How to Ripen Avocados

Medically Reviewed by Jabeen Begum, MD on November 09, 2022
4 min read

Bringing home an overly firm avocado from the grocery store is a problem most of us are all too familiar with. Every avocado at the grocery store seems to be a few days shy of being ready for the perfect recipe. Avocados don't start to ripen until they're off the tree, so we often must wait for them to ripen before using them. Adding avocados to your diet is a great way to get your daily intake of healthy fats, vitamins, potassium, folate, and fiber.

Avocados have potential health benefits including lowering cholesterol and your risk of heart disease. The fresh flavor and creamy texture of avocados make them a versatile and popular fruit. You can add them to a delicious breakfast sandwich, whip them up into guacamole, or make them into a spread and add that to toast. But one of the trickiest things about avocados is knowing when to eat them. Read on to discover techniques for ripening avocados sooner and how to avoid picking a mushy, overripe one.

There's nothing worse than returning from the grocery store with avocados only to find that they're unripe as soon as you cut into them. Unripe avocados often taste bitter, are hard on the outside, and are difficult to cut. 

Once you've let the feeling of disappointment wash over you, you may wonder, "Can you eat an unripe avocado?" The short answer is yes — unripe avocados have the same nutritional value, and if you're not allergic to avocados, eating an unripe one is perfectly safe. Note that, due to the large amount of dietary fiber found in avocados, eating too many may cause you to experience diarrhea.

Overripe avocados are unarguably worse than underripe ones, and remembering to check them for ripeness daily is a challenging task. Knowing when your avocado has spoiled can help you avoid buying bad fruit. Once avocado skin turns black or is mottled, it has officially gone past the point of no return.

Avocado skin that has dimples, is wrinkly, and feels mushy or soft is often another sign that the fruit is overripe. If you cut into the avocado and discover that it's brown on the inside or tastes bitter, it may have gone bad. While eating overripe avocados is safe, you should never eat a rotten avocado.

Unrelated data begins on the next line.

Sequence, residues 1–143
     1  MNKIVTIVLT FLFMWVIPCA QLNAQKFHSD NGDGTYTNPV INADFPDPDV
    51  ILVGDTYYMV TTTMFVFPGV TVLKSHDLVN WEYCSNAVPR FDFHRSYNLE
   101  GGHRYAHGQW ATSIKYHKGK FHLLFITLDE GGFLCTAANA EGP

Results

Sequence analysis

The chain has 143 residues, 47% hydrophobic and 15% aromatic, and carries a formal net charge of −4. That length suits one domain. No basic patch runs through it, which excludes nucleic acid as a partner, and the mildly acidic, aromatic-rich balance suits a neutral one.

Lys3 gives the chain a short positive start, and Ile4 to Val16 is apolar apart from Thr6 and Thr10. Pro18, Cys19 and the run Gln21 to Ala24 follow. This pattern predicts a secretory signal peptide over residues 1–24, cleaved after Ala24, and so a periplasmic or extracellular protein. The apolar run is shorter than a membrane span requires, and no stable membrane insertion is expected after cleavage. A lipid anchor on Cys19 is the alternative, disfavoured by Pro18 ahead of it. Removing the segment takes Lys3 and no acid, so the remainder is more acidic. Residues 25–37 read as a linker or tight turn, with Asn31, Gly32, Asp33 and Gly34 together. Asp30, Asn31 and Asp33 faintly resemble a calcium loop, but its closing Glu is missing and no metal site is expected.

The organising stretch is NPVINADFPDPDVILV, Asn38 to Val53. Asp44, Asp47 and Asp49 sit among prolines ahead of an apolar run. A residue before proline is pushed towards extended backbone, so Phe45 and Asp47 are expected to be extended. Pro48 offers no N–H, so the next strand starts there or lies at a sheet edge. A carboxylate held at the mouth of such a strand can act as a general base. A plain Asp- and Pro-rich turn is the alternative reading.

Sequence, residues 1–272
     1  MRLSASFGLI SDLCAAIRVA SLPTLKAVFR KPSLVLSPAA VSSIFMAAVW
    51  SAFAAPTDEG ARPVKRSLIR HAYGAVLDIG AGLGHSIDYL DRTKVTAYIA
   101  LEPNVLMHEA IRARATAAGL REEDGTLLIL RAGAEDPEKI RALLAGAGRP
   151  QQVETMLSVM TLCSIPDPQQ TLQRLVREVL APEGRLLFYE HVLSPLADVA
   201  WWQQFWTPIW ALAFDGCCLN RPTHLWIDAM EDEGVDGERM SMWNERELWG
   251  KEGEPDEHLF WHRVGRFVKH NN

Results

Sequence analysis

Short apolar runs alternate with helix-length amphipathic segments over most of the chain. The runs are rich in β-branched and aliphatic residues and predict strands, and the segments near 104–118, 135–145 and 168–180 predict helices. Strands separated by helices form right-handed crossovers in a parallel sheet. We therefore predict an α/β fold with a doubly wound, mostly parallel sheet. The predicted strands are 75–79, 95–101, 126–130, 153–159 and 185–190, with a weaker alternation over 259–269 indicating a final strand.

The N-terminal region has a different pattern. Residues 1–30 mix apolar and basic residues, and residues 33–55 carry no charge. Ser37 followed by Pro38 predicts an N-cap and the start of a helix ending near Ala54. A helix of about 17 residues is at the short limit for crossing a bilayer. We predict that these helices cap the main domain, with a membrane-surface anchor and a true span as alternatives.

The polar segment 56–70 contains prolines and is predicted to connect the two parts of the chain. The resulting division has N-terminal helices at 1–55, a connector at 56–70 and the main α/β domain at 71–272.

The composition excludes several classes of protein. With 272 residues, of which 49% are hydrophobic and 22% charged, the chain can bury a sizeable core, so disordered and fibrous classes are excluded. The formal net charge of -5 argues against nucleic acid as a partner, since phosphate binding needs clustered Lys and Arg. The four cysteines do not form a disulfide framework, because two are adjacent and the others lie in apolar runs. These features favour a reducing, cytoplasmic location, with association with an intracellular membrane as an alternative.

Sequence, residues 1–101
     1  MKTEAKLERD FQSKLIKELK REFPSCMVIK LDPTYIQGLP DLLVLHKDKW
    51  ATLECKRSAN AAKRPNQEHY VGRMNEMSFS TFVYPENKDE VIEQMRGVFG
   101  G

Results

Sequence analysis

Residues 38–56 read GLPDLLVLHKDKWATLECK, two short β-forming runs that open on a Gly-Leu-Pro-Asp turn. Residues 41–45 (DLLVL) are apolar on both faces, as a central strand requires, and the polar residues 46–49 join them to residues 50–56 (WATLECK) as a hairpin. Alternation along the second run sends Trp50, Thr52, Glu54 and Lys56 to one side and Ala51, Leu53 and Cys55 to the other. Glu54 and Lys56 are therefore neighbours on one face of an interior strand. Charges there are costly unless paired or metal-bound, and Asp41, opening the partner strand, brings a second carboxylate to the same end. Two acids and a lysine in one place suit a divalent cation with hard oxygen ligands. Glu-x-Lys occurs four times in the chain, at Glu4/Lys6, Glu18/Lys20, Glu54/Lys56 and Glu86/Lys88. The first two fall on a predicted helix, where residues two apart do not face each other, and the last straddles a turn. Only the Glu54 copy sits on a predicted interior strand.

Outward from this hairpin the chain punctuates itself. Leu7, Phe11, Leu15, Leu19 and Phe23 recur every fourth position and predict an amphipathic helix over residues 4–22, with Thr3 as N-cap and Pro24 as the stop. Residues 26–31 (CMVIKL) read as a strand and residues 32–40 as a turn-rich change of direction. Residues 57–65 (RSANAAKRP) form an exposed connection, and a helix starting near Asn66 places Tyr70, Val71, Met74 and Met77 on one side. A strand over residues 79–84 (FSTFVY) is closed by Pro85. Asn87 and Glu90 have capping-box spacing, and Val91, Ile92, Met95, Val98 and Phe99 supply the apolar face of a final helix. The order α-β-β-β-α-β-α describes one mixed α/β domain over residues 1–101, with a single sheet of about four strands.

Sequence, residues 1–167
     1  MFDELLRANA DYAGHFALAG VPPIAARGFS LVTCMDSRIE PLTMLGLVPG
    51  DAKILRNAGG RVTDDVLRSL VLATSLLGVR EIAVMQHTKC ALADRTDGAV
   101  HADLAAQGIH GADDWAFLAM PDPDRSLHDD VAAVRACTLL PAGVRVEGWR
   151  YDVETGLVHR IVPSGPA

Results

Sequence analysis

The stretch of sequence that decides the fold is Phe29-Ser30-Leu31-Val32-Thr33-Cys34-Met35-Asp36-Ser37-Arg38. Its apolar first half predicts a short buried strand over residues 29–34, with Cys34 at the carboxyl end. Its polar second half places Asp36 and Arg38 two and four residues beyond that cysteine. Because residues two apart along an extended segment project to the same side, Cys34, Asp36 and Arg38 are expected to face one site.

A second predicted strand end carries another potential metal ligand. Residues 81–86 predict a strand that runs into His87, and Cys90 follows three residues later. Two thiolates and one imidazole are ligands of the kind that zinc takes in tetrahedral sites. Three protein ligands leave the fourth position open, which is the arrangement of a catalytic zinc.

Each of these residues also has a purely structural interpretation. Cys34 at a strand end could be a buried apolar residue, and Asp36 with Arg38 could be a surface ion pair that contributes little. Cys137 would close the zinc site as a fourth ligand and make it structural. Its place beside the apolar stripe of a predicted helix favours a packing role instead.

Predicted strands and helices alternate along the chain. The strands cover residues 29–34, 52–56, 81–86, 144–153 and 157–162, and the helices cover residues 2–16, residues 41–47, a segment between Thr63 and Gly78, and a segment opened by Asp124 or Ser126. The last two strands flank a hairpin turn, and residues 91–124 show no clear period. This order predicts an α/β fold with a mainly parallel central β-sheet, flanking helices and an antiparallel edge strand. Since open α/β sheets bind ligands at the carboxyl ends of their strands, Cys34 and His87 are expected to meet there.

You should avoid anything with streaky flesh, a bad smell, taste, or mold growing on it. When you want to make a creamy avocado spread or guacamole for dipping tortillas chips, overripe avocados are great for making a puree, mashing, or slicing. Placing avocados in the fridge once you see them turn dark green can slow the ripening process by a few days.

Avocados gradually ripen over a four-to-seven-day period. Leave them out on the counter at room temperature, and you'll start to notice their skins go from a bright to darker green. 

When you brought them home from the store, they probably felt heavy and hard in your hand. As avocados ripen, they soften, and the brown nub where the stem was can easily be torn off. If you have a bunch of rock-hard avocados but crave a sandwich with a creamy avocado spread, try putting unripe avocados in a brown paper bag for three days. Fruits release a gaseous plant hormone called ethylene that triggers the ripening process.

Trapping them inside a bag with its own ethylene will concentrate the exposure and prevent bacterial growth. Adding ripe bananas to the paper bag may increase the amount of ethylene gas in the bag and encourage faster ripening. Keep in mind that an unripe avocado won't go from hard to creamy in minutes. Using a paper bag, you can cut down the ripening process by up to four days.

Picking the perfect avocado isn't easy, and you've probably come home from the store only to realize that you've picked up a bunch of unripe avocados. The skin color of ripe avocados is often dark green with a purple tint and has a bumpy texture. If you place the avocado in your hand and it yields to gentle pressure, this is another good indicator that you've found a ripe avocado. Avoid avocados that have brown spots or dents or are mushy. 

When choosing the right avocado, you should consider traits like color, firmness, and texture — but you should rely on more than these qualities. An avocado's color and softness can often be misleading and typically aren't the best indicators of ripeness. The key to checking whether an avocado is ripe is to see what's going on under the skin. 

Pull back the nubby stem at the top of the avocado to tell whether you should consider taking it home. A stem that comes away easily is a good sign, and if you find a green or yellow color underneath, you've likely found an avocado that's ready to eat. Overripe avocados will be brown underneath or have brown spots, and a stem that's difficult to pull off means the avocado is underripe.

Place underripe avocados in a paper bag to speed up the ripening process. Refrigerate overripe avocados to slow the process down. Putting lemon or lime juice on avocados can protect them from some oxidation and keep them from turning brown too quickly. Once your avocado is ready to eat, cut it in half and scoop out the inside with a spoon. You can slice the avocado, mash it, or eat it alone. 

You can eat avocados with meat, on bread, with eggs, or with tortilla chips. You can mash avocados into a spread, make a dip out of them, blend them with smoothies, slice them on a salad, or add them to baked goods to increase richness. Opt for fresh, ripe avocados to get the most out of eating this nutritious and delectable fruit.